• "The Eyes"—A horse stands on a hill and stares unblinking at Finn and Jake's house, unnerving both of them.
• "The Chamber of Frozen Blades"—Finn and Jake infiltrate the Ice King's mountain lair to uncover his nefarious princess-stealing plan. Assuming such a plan exists, which looks more doubtful by the moment.
• "To Cut a Woman's Hair"—Finn must bring hair from a princess' head to a witch in order to save Jake from an unspeakable fate.
You could think of Adventure Time as a boy's escape from reality, where he imagines a life of adventure in a fantasy-based land filled with everything boys love, and where he and his pet are sword-wielding heroes who constantly rescue damsels in distress. Of course, the show never even hints at a "real world," and attributing to it anything beyond what's on the screen is probably pointless.
However you perceive it, the show is clearly not for everyone; it contains unpredictable people, places, and storylines, some of which end with abrupt twists that leave the audience befuddled. It contains deaths and kidnappings and fleeting moments of sexual subtext ("Come on, my darling," says Lady Rainicorn to Jake as she offers him a ride. "Wrap your legs around me."). There is overt sexuality as well, filtered through the eyes of a man-child: Finn is gaga for Princess Bubblegum, but the farthest ahead he can imagine is receiving a kiss from her.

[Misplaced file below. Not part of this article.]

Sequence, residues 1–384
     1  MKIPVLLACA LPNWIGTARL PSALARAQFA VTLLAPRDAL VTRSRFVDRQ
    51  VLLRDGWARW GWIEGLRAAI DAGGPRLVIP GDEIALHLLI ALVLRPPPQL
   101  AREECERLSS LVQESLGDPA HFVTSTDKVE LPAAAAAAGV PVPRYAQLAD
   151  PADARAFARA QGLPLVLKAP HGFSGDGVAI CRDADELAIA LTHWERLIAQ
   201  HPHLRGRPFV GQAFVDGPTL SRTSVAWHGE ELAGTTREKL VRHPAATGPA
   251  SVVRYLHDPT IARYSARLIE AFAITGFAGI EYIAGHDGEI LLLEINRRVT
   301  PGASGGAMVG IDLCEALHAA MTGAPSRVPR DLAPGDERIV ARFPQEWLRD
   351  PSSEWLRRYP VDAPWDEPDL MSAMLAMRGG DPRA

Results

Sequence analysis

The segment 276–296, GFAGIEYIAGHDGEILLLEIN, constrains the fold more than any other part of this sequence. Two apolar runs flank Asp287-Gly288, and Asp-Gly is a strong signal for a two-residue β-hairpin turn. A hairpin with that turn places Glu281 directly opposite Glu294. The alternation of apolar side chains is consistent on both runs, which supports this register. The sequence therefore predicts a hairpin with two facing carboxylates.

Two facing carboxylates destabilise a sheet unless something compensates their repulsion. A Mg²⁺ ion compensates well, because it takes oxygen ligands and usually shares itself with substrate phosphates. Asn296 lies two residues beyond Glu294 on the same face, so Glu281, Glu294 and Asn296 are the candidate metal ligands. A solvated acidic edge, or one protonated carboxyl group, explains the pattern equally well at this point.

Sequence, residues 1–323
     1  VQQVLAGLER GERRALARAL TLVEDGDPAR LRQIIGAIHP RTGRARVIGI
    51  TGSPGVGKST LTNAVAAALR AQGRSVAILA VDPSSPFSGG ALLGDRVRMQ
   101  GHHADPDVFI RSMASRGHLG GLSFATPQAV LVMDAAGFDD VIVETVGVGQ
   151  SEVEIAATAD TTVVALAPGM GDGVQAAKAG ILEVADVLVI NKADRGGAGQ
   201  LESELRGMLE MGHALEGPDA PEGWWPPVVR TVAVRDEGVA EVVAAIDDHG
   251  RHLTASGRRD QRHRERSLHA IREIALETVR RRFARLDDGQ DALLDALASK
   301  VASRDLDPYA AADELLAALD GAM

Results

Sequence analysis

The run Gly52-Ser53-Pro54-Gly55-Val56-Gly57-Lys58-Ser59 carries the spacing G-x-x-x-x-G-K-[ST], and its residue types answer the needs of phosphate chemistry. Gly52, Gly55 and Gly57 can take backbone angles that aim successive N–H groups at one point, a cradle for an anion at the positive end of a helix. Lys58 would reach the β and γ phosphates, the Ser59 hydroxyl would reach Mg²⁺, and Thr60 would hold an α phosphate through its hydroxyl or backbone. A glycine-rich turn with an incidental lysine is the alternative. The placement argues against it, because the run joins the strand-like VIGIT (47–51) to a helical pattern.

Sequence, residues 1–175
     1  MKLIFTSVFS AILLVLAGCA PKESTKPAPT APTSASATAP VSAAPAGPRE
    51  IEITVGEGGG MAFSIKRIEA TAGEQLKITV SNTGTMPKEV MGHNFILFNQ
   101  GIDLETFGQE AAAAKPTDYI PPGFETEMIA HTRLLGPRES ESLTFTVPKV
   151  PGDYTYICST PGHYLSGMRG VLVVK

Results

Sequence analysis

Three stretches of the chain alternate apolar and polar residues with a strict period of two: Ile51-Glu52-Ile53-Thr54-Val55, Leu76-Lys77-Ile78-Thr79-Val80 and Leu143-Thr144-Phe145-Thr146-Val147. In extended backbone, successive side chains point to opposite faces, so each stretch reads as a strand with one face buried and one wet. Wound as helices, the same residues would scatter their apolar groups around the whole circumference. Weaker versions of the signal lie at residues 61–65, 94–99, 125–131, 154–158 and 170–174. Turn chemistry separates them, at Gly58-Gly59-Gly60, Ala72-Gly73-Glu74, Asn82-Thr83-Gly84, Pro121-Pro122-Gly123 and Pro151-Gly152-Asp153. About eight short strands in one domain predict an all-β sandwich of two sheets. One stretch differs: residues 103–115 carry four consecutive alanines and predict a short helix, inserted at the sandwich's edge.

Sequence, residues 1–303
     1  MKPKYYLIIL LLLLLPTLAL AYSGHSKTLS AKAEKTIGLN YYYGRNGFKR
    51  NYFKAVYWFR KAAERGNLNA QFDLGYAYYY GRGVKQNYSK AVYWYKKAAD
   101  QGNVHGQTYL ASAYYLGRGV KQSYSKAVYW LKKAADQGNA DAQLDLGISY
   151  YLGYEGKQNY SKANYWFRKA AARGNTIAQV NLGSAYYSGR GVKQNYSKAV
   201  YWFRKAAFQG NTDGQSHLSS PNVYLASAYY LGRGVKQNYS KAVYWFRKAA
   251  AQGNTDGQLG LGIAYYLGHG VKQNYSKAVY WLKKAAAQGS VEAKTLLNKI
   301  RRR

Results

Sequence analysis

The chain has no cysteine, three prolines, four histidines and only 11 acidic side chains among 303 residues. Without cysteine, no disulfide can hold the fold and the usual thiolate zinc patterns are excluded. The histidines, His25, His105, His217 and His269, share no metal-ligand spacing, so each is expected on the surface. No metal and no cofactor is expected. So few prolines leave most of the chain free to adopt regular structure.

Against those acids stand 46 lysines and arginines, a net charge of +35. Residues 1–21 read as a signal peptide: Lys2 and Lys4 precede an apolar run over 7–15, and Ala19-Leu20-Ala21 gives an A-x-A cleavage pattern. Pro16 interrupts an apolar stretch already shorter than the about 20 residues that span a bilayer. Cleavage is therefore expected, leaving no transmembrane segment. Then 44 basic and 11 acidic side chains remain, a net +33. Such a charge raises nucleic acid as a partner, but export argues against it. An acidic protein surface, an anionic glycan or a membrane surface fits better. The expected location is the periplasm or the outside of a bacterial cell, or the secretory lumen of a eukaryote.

On the other hand, there are true life lessons. Finn and Jake learn to gather courage to do something hard or face a strong enemy. They discover that not everyone can be trusted, but some people can be trusted to the ends of the world. They make mistakes and hurt people unintentionally, and then have to apologize. Finn even learns a thing or two about women. Sort of.
The chemistry between Finn and Jake is the motor that keeps the show running, and the voice actors do a good job of giving a little depth to their characters. Jeremy Shada's (Batman: The Brave and the Bold) middle-pitched Finn sounds very much like a pre-teen, and he manages a decent array of emotional values. John Di Maggio (Futurama) gives Jake an older voice to match the dog's lengthier—and therefore, supposedly, wiser—outlook on life. The show uses this supposition to good effect in "Go With Me," featuring Jake's tips for wooing women.
The art is as simple as can be, with only hints of shading or texture, and many characters lack basic body parts (such as Finn's absent nose). The colors are simple as well, but are nice and bright. The show comes with Dolby 2.0 stereo sound; voices are clear, and the occasional music is subtle and does a good job of fitting the scene. The only extra is a "Little Did You Know" featurette that gives short, written character profiles.
Adventure Time: My Two Favorite People is an often funny, sometimes heartwarming, and always bizarre show that connects directly to the heart of its target audience. Anyone outside of that group will likely wonder what all the fuss is about. This compilation is only recommended for those who aren't going to purchase the inevitable season collections.
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Scales of Justice
Studio: Cartoon Network